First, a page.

British Columbia

B.C. man caught world record fish with his bare hands before eating it

DNA tests show the world's largest kokanee salmon came out of Arrow Lakes in the Kootenays but the man who caught it has already smoked and eaten it.

What he thought was a dead rainbow trout turned out to be a record breaking, lively kokanee

Denis Woodcox landed a record-breaking kokanee salmon on Lower Arrow Lake in 2015 but the previous record wasn't all he smoked; he also smoked the evidence before he ate it. (Noah Woodcox)

The world's largest recorded kokanee salmon was caught, smoked and eaten before anyone realized what a prize fish it was.

Government biologists recently confirmed DNA testing that shows the 5.4-kilogram fish caught in British Columbia shatters the previous record (3.9 kilograms) held since 2010 by Oregon fisherman Ron Campbell.

"We were thinking it was a big rainbow [trout]. We never even thought that it was a kokanee," said Denis Woodcox, who landed the beast with his bare hands.

Smoked the record

Woodcox and his son were motoring through Lower Arrow Lake on their way to go camping when they spotted what looked like a boat's bumper floating near the surface.

When he realized it was a large fish he thought for sure it was dead and decided to check if there was any gear or tackle caught in the fish's mouth.

But when Woodcox reached down — placing one hand under the tail, one near the head — the fish began to fight, hard.

"It almost pulled me over the boat. I finally got it lifted up high enough that I could throw it over my shoulder into the boat," he told Alya Ramadan, guest host of CBC's Radio West.

"We knocked it out, and we were laughing at how big this fish was."

The fish, which Woodcox still assumed was just a very large rainbow trout, was frozen until it was time for smoking a few months down the road.

After defrosting the fish, Woodcox was preparing it to be brined and then smoked when he noticed the flesh was darker than typical trout meat and seemed quite oily.

That's when he started to question himself.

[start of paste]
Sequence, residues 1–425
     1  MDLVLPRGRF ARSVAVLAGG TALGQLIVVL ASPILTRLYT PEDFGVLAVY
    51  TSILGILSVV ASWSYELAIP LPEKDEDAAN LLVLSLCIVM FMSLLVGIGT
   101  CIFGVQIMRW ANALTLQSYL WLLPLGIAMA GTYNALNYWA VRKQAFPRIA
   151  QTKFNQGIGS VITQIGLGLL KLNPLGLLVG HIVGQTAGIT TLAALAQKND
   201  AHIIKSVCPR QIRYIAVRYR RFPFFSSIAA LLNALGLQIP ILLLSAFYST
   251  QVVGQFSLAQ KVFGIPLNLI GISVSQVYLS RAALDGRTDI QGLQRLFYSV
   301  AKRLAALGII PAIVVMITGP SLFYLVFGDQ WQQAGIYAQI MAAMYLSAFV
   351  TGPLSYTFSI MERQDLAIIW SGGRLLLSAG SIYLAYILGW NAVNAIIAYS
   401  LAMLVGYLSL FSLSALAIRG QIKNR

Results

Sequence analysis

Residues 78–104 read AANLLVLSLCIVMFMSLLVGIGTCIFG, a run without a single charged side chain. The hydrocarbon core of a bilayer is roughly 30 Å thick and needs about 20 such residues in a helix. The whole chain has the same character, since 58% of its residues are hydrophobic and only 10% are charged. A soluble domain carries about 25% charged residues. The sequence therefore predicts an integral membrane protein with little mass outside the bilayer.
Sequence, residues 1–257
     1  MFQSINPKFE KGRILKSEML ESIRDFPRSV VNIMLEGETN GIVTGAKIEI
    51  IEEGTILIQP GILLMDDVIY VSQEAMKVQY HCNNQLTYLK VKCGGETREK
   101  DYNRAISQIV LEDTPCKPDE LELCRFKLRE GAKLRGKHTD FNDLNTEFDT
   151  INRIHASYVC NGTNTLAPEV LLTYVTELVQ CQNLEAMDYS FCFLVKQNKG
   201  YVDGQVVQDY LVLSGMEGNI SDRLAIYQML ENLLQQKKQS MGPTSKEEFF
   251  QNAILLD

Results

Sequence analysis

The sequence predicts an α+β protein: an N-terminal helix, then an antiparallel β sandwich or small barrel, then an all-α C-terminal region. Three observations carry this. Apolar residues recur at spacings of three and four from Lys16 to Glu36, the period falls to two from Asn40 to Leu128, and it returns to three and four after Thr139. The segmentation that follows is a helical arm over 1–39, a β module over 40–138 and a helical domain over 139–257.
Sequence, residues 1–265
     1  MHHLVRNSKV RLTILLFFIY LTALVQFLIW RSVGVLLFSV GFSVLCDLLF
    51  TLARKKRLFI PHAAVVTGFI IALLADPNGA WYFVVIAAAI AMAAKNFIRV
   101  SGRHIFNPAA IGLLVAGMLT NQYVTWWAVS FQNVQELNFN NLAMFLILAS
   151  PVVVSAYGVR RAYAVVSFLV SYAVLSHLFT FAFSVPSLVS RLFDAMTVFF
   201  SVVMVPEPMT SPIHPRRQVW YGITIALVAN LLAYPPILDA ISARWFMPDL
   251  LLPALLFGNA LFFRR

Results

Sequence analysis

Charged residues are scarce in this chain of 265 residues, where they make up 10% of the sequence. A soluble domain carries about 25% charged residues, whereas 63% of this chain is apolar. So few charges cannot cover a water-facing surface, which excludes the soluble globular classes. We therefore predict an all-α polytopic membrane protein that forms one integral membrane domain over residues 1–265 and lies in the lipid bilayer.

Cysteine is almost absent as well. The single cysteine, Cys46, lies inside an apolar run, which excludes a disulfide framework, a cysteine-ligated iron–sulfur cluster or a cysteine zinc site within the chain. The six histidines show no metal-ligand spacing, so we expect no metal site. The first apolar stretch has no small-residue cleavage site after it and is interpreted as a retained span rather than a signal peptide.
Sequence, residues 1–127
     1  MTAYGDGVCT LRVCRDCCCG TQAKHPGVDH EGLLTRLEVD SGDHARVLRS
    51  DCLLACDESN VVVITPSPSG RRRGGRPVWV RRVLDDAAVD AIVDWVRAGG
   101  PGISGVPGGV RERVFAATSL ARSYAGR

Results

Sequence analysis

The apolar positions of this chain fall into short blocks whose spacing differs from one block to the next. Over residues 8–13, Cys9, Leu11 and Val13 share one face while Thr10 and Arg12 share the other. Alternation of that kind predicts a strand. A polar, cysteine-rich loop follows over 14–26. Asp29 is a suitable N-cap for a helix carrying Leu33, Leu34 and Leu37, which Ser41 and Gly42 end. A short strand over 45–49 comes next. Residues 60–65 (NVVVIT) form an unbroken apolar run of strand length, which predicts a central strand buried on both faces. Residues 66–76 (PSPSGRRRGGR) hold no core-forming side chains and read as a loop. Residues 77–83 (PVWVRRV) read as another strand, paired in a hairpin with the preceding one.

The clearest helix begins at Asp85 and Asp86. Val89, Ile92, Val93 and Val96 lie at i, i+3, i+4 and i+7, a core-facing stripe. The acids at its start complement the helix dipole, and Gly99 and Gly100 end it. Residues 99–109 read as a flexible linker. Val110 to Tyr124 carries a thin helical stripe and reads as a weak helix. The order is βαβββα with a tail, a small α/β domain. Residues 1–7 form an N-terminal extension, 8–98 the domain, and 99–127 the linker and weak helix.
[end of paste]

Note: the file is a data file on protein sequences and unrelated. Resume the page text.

"I said to my son, 'I don't think that's a rainbow,'" he recalled.

Luckily, Woodcox kept the head and spine intact and frozen, perfect for the local fisheries office to send off for testing

"I could tell they really didn't believe it was as big as I was saying it was. I showed them a picture of it and they were like 'holy cow!'" said Woodcox.

Prize food fish

Biologists took a closer look at the specimen and conducted physical assessments that led them to believe it was indeed a delicious kokanee; known for having rich and flavourful meat, much like its seaworthy cousin, the sockeye. 

A more typically sized kokanee catch submitted by a CBC listener in 2012. (Dodie Marshall, West Kelowna)

Woodcox shared much of the smoked fish with his neighbours, as he usually does, he said.

Kokanee salmon normally spawn and then die around four years old, but officials say the trophy fish was around seven years old.

Provincial government biologists said the male kokanee was likely sterile and skipped the spawning process, allowing it a few extra years of growth.

In Canada, kokanee naturally occur in B.C. and the Yukon. They are also native to Alaska, Washington and Idaho, as well as Japan, and Russia.

Anglers are limited to five kokanee per day between Upper and Lower Arrow Lakes while many kokanee populations in B.C. are catch-and-release year round in order to protect the fragile species.

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